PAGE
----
pantone

No small feat: Tiny objects find their perfect Pantone color match

May 7, 2014 at 9:26 AM ET

Near the end of spring last year, graphic designer Inka Mathew became captivated by a beautiful Veronica Georgia Blue flower. 

"The design geek in me got curious, and I picked a bloom and brought it inside," Mathew, 41, told TODAY.com. "I flipped through my Pantone swatch book and found a color match for it."


Because of her background in print design, Mathew has been using the Pantone Matching System (PMS) for years. And because she's always surrounded by swatch books, it didn't take long for her to launch a project she dubbed "Tiny PMS Match" after that first encounter with that stunning little blossom.

"I placed the flower on the color chip and took a photo of it using my iPhone with my dot-grid notebook as the background. I posted it on my Instagram account," said Mathew, who lives in Houston with her husband and their 6-year-old son and 4-year-old daughter. "I was pleasantly surprised by my followers' reactions and decided to continue doing it using other little objects I found around me."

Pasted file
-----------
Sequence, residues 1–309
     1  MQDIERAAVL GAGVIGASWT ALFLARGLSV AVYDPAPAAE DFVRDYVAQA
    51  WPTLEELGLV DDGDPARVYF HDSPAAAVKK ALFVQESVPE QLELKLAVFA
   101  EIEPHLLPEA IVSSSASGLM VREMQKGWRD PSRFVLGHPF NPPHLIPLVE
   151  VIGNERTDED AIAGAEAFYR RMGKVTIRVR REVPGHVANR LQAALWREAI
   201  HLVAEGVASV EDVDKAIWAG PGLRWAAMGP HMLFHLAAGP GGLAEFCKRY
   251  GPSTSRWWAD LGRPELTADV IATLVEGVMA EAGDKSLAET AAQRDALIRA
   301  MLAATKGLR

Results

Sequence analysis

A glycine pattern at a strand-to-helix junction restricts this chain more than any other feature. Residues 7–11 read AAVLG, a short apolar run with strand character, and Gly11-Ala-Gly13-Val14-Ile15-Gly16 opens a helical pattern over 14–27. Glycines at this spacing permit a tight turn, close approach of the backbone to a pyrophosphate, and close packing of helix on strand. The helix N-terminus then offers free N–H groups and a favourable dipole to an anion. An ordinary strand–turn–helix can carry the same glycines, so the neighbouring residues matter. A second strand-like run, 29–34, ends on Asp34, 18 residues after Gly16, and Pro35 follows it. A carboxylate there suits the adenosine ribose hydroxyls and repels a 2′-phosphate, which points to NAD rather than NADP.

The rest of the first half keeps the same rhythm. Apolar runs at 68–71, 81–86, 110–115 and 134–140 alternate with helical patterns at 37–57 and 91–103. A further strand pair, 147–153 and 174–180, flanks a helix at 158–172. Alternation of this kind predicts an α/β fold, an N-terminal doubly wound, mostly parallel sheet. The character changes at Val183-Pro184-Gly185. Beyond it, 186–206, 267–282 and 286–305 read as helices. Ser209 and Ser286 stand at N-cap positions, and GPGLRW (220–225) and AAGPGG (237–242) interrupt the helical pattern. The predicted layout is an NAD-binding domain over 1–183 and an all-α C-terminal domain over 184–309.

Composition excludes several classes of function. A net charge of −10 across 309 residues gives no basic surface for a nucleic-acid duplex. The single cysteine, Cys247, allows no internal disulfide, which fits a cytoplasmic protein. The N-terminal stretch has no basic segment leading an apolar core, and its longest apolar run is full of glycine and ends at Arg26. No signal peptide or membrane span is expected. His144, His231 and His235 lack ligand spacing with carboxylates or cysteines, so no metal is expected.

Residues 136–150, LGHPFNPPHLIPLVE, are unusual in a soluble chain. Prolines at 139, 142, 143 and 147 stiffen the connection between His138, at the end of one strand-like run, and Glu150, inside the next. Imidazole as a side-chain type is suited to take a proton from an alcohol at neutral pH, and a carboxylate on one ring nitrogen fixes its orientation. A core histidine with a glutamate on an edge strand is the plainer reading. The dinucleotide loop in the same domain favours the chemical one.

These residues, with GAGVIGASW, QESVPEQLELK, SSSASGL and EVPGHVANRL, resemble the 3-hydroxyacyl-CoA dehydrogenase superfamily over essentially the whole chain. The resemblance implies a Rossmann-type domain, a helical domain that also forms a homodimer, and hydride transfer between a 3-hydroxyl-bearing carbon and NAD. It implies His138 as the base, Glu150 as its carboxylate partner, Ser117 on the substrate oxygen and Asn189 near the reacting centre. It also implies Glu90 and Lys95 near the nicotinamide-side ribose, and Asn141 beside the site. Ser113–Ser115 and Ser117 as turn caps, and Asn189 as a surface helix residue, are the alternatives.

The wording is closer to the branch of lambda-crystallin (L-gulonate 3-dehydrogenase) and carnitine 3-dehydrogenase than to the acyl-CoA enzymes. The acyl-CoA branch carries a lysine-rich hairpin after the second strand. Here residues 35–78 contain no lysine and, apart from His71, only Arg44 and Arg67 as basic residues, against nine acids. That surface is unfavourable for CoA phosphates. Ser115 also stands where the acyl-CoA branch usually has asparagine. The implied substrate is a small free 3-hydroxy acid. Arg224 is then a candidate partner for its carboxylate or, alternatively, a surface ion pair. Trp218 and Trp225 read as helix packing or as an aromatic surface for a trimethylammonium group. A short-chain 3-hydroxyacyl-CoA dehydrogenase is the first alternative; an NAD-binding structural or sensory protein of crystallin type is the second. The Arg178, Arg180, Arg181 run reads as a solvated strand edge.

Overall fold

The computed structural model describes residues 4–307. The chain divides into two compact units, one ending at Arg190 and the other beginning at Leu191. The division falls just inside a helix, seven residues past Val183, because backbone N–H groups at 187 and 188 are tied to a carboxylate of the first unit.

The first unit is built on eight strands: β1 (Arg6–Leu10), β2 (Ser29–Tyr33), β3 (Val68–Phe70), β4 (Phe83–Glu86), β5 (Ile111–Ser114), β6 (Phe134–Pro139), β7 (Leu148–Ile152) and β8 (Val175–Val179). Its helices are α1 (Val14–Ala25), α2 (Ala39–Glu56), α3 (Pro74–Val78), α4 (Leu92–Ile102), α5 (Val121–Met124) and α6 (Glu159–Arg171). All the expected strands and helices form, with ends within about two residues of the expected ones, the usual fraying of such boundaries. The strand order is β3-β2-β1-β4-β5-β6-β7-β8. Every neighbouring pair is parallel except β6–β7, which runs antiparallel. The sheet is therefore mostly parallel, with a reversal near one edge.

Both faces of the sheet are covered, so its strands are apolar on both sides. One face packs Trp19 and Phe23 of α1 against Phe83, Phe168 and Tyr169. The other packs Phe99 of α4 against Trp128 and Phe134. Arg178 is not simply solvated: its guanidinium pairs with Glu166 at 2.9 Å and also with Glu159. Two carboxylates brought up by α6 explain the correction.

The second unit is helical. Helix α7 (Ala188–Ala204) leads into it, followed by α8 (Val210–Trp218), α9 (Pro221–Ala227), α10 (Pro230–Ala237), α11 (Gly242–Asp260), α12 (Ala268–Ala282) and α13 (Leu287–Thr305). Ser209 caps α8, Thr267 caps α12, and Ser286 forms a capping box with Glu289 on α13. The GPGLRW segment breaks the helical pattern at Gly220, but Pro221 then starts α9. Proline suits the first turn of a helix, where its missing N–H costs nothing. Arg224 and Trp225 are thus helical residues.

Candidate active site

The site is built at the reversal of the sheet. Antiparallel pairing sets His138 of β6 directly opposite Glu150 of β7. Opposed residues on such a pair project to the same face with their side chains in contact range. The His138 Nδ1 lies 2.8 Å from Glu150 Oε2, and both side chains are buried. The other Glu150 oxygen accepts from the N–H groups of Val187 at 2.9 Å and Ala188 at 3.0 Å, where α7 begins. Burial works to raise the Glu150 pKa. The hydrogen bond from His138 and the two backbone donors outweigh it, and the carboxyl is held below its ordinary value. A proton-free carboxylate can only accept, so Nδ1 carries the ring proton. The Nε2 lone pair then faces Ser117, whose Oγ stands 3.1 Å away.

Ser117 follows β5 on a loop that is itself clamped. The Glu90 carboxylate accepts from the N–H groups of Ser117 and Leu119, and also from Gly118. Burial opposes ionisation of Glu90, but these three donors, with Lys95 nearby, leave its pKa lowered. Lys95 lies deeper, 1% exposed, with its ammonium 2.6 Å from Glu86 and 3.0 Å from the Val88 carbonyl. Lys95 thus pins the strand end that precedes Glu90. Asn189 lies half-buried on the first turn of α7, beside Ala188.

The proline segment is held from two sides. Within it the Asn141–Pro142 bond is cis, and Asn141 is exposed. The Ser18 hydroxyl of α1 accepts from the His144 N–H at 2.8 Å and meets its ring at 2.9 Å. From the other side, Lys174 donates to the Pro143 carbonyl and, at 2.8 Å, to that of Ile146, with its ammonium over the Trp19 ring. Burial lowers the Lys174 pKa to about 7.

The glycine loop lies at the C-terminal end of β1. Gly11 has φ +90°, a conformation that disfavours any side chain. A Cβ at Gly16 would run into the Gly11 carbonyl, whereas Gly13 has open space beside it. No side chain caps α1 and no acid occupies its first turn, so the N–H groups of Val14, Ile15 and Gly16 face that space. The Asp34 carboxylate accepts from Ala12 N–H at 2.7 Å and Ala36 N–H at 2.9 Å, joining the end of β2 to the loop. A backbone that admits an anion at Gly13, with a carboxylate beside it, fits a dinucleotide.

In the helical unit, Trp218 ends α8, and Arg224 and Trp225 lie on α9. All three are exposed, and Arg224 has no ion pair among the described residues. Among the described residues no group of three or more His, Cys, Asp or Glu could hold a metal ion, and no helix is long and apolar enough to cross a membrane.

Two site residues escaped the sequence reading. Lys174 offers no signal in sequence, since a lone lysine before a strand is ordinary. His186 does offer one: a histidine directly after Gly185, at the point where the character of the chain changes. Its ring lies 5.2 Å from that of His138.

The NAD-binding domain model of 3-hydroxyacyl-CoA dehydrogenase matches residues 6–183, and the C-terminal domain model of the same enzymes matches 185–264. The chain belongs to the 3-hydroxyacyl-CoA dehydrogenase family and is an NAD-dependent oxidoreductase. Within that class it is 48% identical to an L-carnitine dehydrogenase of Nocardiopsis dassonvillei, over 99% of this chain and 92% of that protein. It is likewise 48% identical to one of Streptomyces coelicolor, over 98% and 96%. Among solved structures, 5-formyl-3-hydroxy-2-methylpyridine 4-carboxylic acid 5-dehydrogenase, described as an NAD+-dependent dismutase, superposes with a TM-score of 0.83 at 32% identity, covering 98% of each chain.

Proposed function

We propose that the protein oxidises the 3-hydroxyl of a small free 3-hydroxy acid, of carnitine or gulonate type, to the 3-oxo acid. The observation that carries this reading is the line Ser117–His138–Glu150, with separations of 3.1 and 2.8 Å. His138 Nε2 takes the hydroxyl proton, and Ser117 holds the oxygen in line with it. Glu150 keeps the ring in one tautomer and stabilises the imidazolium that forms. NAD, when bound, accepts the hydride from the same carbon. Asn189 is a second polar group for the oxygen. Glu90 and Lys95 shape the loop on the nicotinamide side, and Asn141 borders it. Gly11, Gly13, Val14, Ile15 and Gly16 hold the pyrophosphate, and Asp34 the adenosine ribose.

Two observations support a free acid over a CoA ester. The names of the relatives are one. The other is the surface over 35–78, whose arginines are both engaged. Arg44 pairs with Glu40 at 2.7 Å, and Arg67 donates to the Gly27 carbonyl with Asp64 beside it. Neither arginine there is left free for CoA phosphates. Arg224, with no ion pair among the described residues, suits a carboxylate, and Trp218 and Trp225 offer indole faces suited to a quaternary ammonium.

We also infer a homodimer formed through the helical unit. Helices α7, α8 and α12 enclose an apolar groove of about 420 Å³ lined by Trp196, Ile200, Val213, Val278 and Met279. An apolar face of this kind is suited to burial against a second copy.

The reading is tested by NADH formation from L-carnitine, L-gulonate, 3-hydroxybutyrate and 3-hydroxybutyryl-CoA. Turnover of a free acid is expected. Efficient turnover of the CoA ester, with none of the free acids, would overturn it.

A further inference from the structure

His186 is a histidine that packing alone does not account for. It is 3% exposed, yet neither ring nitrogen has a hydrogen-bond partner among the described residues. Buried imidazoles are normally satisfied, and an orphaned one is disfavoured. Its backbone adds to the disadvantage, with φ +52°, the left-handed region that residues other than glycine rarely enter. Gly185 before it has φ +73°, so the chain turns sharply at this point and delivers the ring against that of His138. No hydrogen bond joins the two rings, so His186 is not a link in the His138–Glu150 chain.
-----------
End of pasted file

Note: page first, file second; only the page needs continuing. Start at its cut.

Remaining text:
"I took pictures of objects that piqued my interest or had special meaning to me," she continued. "I want to visually record these tiny objects that are currently in my life."

After months of matching seemingly random items to swatches on a dot-grid notebook, she moved everything to an Instagram account that is dedicated to the project.  

"When you look at things in nature up close, you'll be amazed by the design and details in them, including colors," she said. "It helps me appreciate the little things in life."


Even though the items appear to be chosen erratically, they are included in the project because they either captured Mathew's attention or held such a special meaning that she wanted to remember them. 

"I plan to keep on doing this for as long as I can," she said. "I'm curious to see what will be the little objects in my life when my kids are grown up, go to college and later have their own children. It will be interesting to find out." 

In a whimsical photography project, graphic designer Inka Mathew matches small, random items with Pantone color swatches.


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